So anyway, that's the immediate post-Afghanistan plan.  A few of you have asked me what comes next for me, big picture.  The answer, as always in the Marine Corps, is whothehellknows.  But I'll give you my best guess...

I'll obviously report back to my unit, MASS-3, where I've been officially stationed for 2 years this July, but where I've so far spent probably 3 or 4 weeks total, not counting OJT.  So I'll be due for some quality time in my MOS, which is to say doing some exercises and drills and spending lots of time in some auxiliary billet. 

Beyond that, I'm already looking forward to the next thing.  In other words, while training and the like are important, and while I'll certainly enjoy some garrison time after this last year, I didn't join the Marine Corps to sit behind a desk in Southern California.  I joined to sit behind a desk in Afghanistan.  I joined to do the kinds of things you can't do as a civilian.  If I had my pick, I think I'd like to go on a MEU - a 6-7 month float preceded by an up to 6-month pre-float workup.  You get to visit various ports, conduct exercises with allied nations, possibly respond to world crises or, as the 26th MEU is currently doing, deploy to augment OEF in Afghanistan, etc.  While you're on ship, there's a good deal of boredom but it's also a great opportunity to PT, get ahead in your professional military education (PME) and best of all get to know the Marines in your charge and the other Marines and sailors around you. 

Well I think that covers it.  Whether you read this on FB or my blog, if you live in or near a city on the great Morgapalooza 2011 tour, I expect some quality face time.  Tickets are selling fast.

My sweet ride

Tuesday, February 15, 2011

Clever Title

Just checking in really to let you know everything's still well and post some pics from the last week or so.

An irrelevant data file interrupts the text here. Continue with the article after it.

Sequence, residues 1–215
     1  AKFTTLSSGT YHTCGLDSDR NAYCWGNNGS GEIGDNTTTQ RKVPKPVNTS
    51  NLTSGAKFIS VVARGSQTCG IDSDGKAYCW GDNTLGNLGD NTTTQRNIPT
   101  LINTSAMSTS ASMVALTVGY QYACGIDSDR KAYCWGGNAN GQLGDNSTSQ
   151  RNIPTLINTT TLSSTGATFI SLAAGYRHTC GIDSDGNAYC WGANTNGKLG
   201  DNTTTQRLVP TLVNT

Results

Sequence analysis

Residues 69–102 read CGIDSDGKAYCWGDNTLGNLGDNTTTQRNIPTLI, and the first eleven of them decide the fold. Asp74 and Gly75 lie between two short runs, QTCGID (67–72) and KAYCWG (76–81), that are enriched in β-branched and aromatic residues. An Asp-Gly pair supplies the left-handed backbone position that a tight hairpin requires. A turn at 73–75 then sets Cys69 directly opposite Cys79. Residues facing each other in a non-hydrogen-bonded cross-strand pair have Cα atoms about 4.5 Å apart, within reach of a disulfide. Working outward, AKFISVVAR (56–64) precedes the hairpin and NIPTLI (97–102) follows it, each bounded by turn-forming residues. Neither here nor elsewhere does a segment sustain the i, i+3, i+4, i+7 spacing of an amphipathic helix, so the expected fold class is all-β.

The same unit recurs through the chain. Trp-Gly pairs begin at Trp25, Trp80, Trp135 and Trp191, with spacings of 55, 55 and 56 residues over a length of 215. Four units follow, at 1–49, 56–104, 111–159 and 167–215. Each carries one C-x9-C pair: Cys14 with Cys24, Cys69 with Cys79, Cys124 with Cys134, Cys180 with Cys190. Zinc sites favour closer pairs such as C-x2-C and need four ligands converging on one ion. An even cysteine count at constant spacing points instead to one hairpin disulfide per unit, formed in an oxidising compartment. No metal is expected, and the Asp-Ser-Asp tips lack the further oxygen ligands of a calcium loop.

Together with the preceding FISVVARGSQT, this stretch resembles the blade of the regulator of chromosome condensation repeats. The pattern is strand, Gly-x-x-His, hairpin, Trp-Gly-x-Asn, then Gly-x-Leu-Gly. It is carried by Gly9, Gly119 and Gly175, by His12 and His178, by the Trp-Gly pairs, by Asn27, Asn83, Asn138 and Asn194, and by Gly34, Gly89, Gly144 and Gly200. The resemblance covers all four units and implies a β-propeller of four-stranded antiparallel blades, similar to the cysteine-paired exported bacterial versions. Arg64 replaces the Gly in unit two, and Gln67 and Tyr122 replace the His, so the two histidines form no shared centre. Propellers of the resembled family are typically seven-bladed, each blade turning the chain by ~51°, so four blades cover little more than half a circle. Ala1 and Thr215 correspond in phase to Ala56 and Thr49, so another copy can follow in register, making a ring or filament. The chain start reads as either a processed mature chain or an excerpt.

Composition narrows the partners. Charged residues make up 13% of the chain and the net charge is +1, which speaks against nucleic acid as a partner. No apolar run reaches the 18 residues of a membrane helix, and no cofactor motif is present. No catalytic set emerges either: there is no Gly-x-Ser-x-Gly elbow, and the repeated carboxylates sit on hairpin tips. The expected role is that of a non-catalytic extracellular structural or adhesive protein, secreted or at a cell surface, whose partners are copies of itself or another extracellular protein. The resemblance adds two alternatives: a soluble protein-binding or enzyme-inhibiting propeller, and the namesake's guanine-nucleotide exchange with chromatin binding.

We got some rain.  In total about 0.6 inches.  But the ground is so hard here (they call it clay but it's as hard as concrete) that it apparently doesn't absorb much water.  And don't ask me why, but the rain STINKS around here.  I mean really smells. Like poop.

flush flood

I'm still in the DASC - working mornings now, so my days start around 0430 and go till at least 1900.  But I've been so pampered out here, I'm kind of enjoying the challenge and the modest sleep deprivation.  My only wish is that there were no civilian air traffic out here - mostly it consists of old Soviet-era birds flown by drunk Russian octegenarians.  Between their English-speaking skills, slurred speech and decrepit radios our RIOs (radio in/out) alternate between the futile and the comical.

The coldest of the winter is behind us, as I might have already mentioned.  Right now I'm sitting in the sun in I'd guess the high 50's or low 60's.  Feels great.  When I get back, after my long shower and two-day nap I'm going to go to the beach and soak in the sun until I can actually feel the melanoma set in.  Less than three weeks now, and I'm giddier than a school girl with Justin Bieber backstage passes. 

Behind the wire...behind me in 3 weeks.